My family and friends have been a huge factor and in hospital I made friends with everyone. My healthcare assistant, Angela, helped me through my lowest days when my family weren’t around. When I started walking again with a stroller, I used to sit with people and just talk with them. I love music and I really like old-school garage, so I used to play that out very loud. The nurses would come in and they’d all dance – we had good times.
What advice would you give to anyone who is still living with side-effects years after their transplant?
Try and find a good support system if you can access one. If you don’t have family, there are people out there and people online who can help you. When I was having my transplant there wasn’t as much support out there as there is now – there was no YouTube or the range of online resources.
Go to physio – this is very important. I was young and naïve so could have been more committed to this. Never lose hope because there is light at the end of the tunnel. I’m walking proof of this. If you have psychological support in place and someone you can talk to outside of your family, they could end up becoming your best friend.
Remember what you went through was never your fault. You’ve got this! Never give up. You’ve been through the worst…now let’s show cancer who’s boss!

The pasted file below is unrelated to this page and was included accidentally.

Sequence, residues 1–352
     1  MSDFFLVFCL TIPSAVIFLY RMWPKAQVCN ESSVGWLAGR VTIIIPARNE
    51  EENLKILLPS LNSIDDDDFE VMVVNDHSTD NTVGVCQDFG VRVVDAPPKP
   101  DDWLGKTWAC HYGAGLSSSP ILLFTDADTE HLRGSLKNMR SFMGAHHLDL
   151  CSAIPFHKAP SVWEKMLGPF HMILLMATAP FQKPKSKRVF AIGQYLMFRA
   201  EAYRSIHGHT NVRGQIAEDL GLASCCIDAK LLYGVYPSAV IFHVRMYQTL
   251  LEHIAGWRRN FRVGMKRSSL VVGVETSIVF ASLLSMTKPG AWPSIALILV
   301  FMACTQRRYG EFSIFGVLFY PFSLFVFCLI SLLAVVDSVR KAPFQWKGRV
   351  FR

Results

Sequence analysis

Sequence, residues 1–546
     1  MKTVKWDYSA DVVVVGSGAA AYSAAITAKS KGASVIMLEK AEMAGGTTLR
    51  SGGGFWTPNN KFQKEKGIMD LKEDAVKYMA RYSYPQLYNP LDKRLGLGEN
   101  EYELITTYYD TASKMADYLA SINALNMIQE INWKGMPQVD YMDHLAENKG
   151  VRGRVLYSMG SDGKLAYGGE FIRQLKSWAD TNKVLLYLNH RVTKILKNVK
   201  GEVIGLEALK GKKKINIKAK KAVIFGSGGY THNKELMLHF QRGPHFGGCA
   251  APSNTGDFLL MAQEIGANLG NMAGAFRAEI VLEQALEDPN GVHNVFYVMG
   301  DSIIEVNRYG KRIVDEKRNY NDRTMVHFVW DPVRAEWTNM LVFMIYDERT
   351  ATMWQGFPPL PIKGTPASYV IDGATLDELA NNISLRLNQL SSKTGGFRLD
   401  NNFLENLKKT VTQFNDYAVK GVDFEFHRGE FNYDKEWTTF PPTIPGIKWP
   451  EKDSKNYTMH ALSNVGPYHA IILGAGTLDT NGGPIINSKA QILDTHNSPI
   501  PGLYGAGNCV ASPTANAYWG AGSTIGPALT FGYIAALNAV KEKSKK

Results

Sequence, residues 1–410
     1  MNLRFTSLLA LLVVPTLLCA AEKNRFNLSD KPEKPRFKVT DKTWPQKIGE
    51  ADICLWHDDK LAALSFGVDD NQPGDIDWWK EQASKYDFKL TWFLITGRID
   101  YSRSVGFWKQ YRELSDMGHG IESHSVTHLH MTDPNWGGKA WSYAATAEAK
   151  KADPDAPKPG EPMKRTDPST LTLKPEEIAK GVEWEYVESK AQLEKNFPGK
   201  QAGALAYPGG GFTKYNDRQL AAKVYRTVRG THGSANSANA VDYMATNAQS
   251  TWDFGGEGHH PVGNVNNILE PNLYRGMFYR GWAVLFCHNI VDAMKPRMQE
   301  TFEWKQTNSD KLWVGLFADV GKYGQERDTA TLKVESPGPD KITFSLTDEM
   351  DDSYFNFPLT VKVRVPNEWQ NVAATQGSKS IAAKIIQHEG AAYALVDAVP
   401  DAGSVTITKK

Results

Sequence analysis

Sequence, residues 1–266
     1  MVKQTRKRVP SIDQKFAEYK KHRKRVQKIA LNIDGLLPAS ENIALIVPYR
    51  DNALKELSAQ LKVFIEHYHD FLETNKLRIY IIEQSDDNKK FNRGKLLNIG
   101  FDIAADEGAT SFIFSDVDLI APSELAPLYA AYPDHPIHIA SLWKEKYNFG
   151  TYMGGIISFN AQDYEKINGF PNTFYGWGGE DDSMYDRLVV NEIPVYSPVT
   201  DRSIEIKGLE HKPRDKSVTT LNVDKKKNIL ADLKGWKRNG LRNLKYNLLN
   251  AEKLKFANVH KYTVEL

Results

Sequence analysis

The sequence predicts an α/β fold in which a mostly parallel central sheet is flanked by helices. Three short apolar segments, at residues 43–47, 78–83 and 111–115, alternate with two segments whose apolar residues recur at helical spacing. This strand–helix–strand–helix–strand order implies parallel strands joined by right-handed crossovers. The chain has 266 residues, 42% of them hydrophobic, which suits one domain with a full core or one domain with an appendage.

You’ll soon be setting up your own YouTube channel. What’s been your motivation for this and what would you like to achieve by running it?
As a black woman, to find anyone who is BAME [black, Asian or ethnic minority] talking about leukaemia online is quite difficult. No one is, so I just thought maybe I’ll be the voice. I just want people to know that there is someone out there and they’re not alone.
Back then I had family and friends around me, but I didn’t have anyone who was like me and going through it. It’s just to try and help everyone really, not just BAME people. My disabilities don’t hold me back – I like to think of them as ‘extra spice’.
Your 15-year transplant anniversary is coming up at the end of July. How does that feel and how is your life now, given everything you’ve been through?
Five years was amazing, ten years was even more of a relief, but I wanted to get to 15 years. So many people want to celebrate with me. I’m hopefully going on a spa weekend for some relaxation and possibly a few days in Spain. Because my birthday is the next day as well, it’s good timing! I turn 34 but I also turn 15, and that’s a really special feeling.
If you or someone you know is going through a stem cell transplant or dealing with long-term effects, the Anthony Nolan Patient Services Team is here to support you. Find out more at anthonynolan.org/patients